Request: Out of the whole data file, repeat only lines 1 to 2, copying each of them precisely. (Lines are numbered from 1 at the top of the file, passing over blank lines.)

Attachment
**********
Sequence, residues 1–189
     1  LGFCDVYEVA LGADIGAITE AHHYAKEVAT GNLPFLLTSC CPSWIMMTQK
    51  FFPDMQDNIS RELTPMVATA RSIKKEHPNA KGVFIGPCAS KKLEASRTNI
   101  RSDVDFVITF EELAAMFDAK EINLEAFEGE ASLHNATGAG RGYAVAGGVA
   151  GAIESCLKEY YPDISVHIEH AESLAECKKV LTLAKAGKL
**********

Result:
Sequence, residues 1–189
     1  LGFCDVYEVA LGADIGAITE AHHYAKEVAT GNLPFLLTSC CPSWIMMTQK